Lower back pain is one of the leading reasons for people to seek medical advice. That’s not surprising, given that 80 percent of the population will experience lower back pain at some stage in their life. If you fall within this large majority of people, you’ll have an appreciation of the importance of working to maintain a healthy spine.
For those of you who aren’t in that 80 percent, sorry, but the news is not as rosy as you may think. While you may be walking around happily pain-free, the somewhat surprising news is that, according to a study published in the New England Journal of Medicine (as well as other similar studies with similar results), there is a 64 percent chance that you are actually carrying some level of intervertebral disc abnormality, and a 38 percent chance that more than one disc is damaged.
The study involved carrying out MRI scans on 98 people aged 20 to 80 years, and assessing the health of the discs in their lower backs. Only 36 percent of those people showed healthy discs throughout the area examined (and it wasn’t just younger people or those who were more active).
Together, this information means that about 94 percent of us will suffer from lower back pain at some stage, or have existing disc damage without even realising it.
As you may already know, lower back pain can really hamper your day-to-day functionality and your enjoyment of life, including your sports. Whatever level of ‘athlete’ you consider yourself to be, there is good reason to give special care and attention to your spine on a daily basis. What do you do each day to take care of your spine?
Yoga and the spine
Your spine has vital importance to your overall physical, mental and emotional health, including the functioning of your nervous system and organs.
Yoga is a mind-body and breath practice that is very aware of the importance of the spine, and can be truly beneficial for spinal health. Every yoga pose includes awareness of what your spine is doing, and a balanced practice will help you keep a balance, mobile and healthy spine.
Six simple moves
Your spine has six basics movements – bending forwards and back, twisting left and right, and curving side to side. It’s important to practise all these moves regularly, as your intervertebral discs rely on being compressed and released to help nourish them with fresh nutrients and oxygen, and to remove metabolic waste products.
The old adage of ‘use it or lose it’ is very relevant. You can think of your discs as being like a kitchen sponge. Without use and movement and having fresh fluids squeezed through them, they will get dry and stiff, and become weakened, reducing your mobility and compromising your overall wellbeing.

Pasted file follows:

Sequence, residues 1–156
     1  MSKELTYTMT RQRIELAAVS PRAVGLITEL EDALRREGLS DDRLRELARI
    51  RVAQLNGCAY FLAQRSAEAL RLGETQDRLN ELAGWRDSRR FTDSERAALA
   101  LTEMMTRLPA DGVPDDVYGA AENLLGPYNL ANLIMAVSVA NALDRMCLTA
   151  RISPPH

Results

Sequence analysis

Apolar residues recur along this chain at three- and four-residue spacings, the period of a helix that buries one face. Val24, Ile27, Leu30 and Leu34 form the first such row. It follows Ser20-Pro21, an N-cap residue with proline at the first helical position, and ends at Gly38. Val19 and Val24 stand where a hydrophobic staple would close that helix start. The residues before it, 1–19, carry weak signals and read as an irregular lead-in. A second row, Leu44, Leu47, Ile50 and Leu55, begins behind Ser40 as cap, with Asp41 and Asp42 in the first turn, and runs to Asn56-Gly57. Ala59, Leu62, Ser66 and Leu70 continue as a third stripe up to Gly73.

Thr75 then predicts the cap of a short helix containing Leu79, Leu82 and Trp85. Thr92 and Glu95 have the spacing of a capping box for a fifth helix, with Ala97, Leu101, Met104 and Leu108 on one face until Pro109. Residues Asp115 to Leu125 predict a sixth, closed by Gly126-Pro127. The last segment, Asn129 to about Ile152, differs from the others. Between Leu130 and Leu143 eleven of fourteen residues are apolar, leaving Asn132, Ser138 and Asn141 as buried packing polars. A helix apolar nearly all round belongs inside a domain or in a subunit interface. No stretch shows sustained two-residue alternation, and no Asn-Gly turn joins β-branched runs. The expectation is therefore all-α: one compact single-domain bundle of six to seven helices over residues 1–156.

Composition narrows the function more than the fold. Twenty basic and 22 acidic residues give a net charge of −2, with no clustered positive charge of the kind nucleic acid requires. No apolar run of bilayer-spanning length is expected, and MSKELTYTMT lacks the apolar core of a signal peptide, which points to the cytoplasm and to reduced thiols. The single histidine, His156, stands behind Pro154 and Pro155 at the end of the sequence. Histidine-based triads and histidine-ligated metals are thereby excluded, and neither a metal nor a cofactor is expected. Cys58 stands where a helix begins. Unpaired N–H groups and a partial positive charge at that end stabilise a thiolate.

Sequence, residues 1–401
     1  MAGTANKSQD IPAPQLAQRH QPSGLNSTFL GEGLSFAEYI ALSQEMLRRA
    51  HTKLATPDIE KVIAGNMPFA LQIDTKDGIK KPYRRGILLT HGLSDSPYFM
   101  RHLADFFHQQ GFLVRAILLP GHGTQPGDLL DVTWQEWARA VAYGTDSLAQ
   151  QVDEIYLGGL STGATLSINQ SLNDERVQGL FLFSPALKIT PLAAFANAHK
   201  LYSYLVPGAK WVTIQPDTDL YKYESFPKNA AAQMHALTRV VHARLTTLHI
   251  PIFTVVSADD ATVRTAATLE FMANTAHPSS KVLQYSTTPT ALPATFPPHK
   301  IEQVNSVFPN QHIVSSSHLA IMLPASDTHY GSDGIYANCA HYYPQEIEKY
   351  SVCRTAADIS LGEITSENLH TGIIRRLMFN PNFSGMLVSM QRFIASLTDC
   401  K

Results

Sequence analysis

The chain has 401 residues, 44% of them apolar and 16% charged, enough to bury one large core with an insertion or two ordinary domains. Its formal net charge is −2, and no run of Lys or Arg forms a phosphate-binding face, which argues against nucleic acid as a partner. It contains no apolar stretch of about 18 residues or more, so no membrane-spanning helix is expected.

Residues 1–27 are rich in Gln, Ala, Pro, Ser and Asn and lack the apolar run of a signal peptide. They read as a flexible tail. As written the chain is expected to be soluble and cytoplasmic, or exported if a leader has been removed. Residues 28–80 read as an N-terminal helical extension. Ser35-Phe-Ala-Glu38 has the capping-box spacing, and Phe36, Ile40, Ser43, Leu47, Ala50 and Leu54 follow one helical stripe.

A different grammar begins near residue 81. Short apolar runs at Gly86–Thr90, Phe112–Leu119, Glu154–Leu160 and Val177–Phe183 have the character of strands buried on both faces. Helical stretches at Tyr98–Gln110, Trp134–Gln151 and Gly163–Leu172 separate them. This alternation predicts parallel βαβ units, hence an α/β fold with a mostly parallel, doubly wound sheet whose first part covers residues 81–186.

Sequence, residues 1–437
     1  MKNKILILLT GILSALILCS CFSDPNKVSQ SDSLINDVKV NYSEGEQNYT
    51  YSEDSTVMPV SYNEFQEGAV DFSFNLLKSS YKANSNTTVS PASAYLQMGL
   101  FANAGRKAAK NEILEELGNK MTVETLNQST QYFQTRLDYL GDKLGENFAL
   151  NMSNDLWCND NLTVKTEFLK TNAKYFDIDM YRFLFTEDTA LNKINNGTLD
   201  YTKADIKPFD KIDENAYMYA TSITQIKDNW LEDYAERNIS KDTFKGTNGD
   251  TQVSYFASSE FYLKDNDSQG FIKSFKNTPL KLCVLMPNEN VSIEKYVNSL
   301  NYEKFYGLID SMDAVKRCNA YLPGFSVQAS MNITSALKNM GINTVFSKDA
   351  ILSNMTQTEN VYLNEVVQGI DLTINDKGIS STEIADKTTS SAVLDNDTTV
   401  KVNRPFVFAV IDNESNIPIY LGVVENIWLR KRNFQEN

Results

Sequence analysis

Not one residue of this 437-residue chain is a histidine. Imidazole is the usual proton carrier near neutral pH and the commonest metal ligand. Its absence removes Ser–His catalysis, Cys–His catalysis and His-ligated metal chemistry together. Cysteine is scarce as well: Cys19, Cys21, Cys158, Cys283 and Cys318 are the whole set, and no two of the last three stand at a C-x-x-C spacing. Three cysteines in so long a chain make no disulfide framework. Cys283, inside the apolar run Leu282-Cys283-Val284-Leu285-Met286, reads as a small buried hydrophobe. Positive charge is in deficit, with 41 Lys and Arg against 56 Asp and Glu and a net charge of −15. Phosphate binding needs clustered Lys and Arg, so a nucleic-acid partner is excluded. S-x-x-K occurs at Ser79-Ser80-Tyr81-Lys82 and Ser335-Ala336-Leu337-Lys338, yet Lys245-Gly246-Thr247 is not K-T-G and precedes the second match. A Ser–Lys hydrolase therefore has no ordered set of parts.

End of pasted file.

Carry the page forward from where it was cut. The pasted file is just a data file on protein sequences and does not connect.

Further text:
The following yoga sequence shows you how to take your spine through its six basic movements, and will help keep it supple and healthy. As you go through these moves, try to focus on moving and lengthening the whole spine, and avoid ‘collapsing’ weakly into the areas that move most easily.
Note: If you do have issues with your spine already, check with your appropriate health professional before working with these poses (especially forward rounding of the lumber spine if you have posterior disc herniation).
Six moves of the spine:
Flexion & Extension (forward and back bending): Cat and cow poses
Cat pose and cow pose are linked with the breath. Move into cat pose (forward rounding) on an exhalation, and cow pose (back extension) on an inhalation. Move gently and fluidly between the poses.
To avoid ‘dumping down’ into your lower back, focus on lengthening the front of the spine and activating the core, broadening the collar bones and drawing the shoulder blades closer together.
Press into the ground with straight arms and broaden across the back of the shoulders. Draw the belly up towards the spine. Work on creating more space between the back of each vertebra down the length of your spine.
Twists are excellent for gently and evenly compressing your spinal discs. Work on a gentle, rhythmic movement with each breath.
Sit up on a bolster or block, and lengthen your spine. Inhale your arms up. As you exhale, float your arms down and turn to the left, placing your right hand onto your left leg, and taking your left arm behind you.
Focus on lifting tall with each inhalation. On each exhalation work on deepening the twist. Look for movement throughout your thoracic spine (upper back). This is the section of your back that is designed to twist. Be here for eight breaths, then change sides.
Sit tall through the crown of your head, gazing out at eye level.
Do not ‘bend’ the spine down to reach the floor, or allow your gaze to drop down.
Sitting up tall on a bolster or block, inhale your right arm up. Exhale and lean ‘up and over’ to the left. Try to not simply collapse into the left side. Reach energetically up through your fingertips. Keep aware of each breath and creating an even side stretch for your whole spine.
Be here for eight breaths. Release and sit in neutral, noting the space you have created down one side, before changing sides.
Practise these regularly and well to contribute to your spine health, so you can enjoy the activities with a strong healthy back.